Close to half of Americans identify as “middle-class,” so on this episode of BackStory, we’ll take a look at what it means. Who belongs to the middle class? Who doesn’t? The hosts explore the rise and fall of the middle class and why so many Americans consider themselves members of this group.
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PETER: This is BackStory. I’m Peter Onuf. President Obama has been touting middle class economics a lot lately and needling GOP rivals about it whenever he gets the chance.
BARACK OBAMA: But I will say this. So I’m encouraged that they’re speaking about middle class. But you can’t just talk the talk. You got to walk the walk.
PETER: Today on BackStory, we don’t just talk the talk, we walk you through a history of the middle class in America. We’ll comb through the faintest, middling aspirations buried with an 18th century shopkeeper, go in search of the roots of the African American middle class, and consider how class is always more than a marker of economic status.
CORNELIUS BYNUM: There’s always been a black middle class. But it hasn’t always been pegged to income.
PETER: The challenges and dreams of the middle class today on BackStory. Don’t go away. Today on BackStory, we’ll be right back.
Major funding for BackStory is provided by an anonymous donor, the University of Virginia, the National Endowment for the Humanities, and the Joseph and Robert Cornell Memorial Foundation, and the Arthur Vining Davis Foundations.
BRIAN: From the Virginia Foundation for the Humanities, this is BackStory with the American Backstory hosts. Welcome to the show. I’m Brian Balogh. And I’m here with Peter Onuf.
PETER: Hey, Brian.
BRIAN: And Ed Ayers is with us.
ED: Hey, Brian.
BRIAN: There’s a journalist for Politico named Tim Noah. A few years ago, he published a book about inequality in America. And in that book, he wrote about a man you’ve probably never heard of. I certainly hadn’t heard of him. He’s a guy named James Truslow Adams.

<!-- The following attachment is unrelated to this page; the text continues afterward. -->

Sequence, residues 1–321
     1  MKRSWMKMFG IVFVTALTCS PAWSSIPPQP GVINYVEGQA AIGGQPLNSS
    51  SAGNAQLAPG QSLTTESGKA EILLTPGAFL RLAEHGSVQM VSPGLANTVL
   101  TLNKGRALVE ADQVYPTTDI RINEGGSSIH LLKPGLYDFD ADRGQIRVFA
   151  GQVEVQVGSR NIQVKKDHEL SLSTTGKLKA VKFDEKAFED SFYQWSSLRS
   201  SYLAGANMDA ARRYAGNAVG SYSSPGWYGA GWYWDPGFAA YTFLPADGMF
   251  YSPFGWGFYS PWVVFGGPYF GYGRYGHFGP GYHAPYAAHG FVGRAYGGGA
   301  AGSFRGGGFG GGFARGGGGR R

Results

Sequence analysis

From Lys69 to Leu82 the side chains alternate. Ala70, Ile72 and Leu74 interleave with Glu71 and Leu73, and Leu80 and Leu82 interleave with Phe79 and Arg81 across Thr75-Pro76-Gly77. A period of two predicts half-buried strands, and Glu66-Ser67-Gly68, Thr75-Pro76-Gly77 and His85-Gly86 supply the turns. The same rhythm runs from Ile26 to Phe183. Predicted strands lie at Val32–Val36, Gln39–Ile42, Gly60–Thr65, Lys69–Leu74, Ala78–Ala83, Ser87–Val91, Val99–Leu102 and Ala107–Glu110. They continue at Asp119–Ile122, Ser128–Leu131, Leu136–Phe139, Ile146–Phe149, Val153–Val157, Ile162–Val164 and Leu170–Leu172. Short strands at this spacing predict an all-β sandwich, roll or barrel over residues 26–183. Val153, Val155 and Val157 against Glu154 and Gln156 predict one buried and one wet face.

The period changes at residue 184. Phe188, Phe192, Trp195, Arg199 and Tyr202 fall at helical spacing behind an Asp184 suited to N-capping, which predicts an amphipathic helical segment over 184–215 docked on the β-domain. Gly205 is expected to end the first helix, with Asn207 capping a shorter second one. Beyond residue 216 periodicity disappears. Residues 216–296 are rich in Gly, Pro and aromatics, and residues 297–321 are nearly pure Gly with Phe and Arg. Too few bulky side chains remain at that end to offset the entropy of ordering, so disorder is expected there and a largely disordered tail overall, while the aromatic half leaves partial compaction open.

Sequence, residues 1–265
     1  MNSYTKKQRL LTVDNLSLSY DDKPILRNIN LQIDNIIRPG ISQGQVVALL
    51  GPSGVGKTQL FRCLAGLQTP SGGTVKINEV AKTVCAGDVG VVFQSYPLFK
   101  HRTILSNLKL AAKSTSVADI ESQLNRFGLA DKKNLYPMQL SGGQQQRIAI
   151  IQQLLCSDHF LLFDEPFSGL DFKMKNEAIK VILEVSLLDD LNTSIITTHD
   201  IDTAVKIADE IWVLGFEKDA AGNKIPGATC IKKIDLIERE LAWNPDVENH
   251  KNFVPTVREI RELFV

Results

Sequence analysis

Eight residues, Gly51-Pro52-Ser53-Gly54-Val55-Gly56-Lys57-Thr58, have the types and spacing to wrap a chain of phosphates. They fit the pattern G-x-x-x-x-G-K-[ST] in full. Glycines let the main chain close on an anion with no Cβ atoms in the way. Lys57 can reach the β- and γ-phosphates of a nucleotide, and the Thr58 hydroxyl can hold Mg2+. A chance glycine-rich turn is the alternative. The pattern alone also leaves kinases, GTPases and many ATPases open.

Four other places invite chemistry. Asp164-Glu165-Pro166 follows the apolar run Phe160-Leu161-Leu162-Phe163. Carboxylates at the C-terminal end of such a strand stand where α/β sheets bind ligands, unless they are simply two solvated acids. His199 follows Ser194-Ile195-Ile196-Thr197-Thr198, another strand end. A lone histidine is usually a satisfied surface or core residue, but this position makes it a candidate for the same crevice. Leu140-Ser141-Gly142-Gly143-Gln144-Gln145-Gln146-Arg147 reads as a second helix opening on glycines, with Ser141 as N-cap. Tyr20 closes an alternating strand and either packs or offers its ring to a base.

TIM NOAH: We don’t know his name. What we do now is the phrase that he created. And that phrase is “the American dream.”
BRIAN: That’s right. This Adams is the originator of the American dream. And so you might guess that Adams was around in the nation’s early years or certainly a few decades later in the heady days of Manifest Destiny. And if you guessed that, you would be wrong.
TIM NOAH: Interestingly, he coined that phrase in 1931. Two years after the–
BRIAN: Odd time to coin the phrase of the American dream, not nightmare.
TIM NOAH: Exactly, exactly, yeah, unemployment was headed towards 25%.
BRIAN: But even in the depths of the Great Depression, the dream of making it in America would have resonated with many, many people. The nation was coming off several decades of unprecedented growth. And a lot of folks had directly benefited from that growth. So much so that James Truslow Adams figured it would be a no brainer to call his book “The American Dream.”
TIM NOAH: And his editor said, oh, don’t call it “The American Dream.” We’ll never be able to sell a book called “The American Dream.” And of course, all these many years later, nobody remembers Adams. Nobody remembers the book. Everybody remembers the phrase, the American dream. So much for editors wisdom.
BRIAN: Despite the books new title, The Epic of America, the dream had staying power. But for Adams the dream wasn’t as simple as we often make it out to be today.